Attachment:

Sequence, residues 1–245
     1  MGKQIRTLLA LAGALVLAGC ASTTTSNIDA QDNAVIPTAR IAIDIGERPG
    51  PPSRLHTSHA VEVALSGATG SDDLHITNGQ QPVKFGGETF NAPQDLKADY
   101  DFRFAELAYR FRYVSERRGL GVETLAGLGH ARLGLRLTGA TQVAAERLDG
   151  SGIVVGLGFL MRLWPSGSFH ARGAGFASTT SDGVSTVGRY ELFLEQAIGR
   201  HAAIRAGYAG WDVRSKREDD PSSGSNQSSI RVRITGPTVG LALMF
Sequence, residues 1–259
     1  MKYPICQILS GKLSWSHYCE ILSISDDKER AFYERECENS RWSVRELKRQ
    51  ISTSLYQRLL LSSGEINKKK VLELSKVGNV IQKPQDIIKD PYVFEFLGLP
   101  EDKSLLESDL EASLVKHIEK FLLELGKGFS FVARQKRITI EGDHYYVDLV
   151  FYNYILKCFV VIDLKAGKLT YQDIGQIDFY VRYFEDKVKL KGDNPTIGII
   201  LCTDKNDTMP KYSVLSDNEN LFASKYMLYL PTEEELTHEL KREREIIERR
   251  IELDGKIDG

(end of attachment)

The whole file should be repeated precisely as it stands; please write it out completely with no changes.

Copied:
Sequence, residues 1–245
     1  MGKQIRTLLA LAGALVLAGC ASTTTSNIDA QDNAVIPTAR IAIDIGERPG
    51  PPSRLHTSHA VEVALSGATG SDDLHITNGQ QPVKFGGETF NAPQDLKADY
   101  DFRFAELAYR FRYVSERRGL GVETLAGLGH ARLGLRLTGA TQVAAERLDG
   151  SGIVVGLGFL MRLWPSGSFH ARGAGFASTT SDGVSTVGRY ELFLEQAIGR
   201  HAAIRAGYAG WDVRSKREDD PSSGSNQSSI RVRITGPTVG LALMF
Sequence, residues 1–259
     1  MKYPICQILS GKLSWSHYCE ILSISDDKER AFYERECENS RWSVRELKRQ
    51  ISTSLYQRLL LSSGEINKKK VLELSKVGNV IQKPQDIIKD PYVFEFLGLP
   101  EDKSLLESDL EASLVKHIEK FLLELGKGFS FVARQKRITI EGDHYYVDLV
   151  FYNYILKCFV VIDLKAGKLT YQDIGQIDFY VRYFEDKVKL KGDNPTIGII
   201  LCTDKNDTMP KYSVLSDNEN LFASKYMLYL PTEEELTHEL KREREIIERR
   251  IELDGKIDG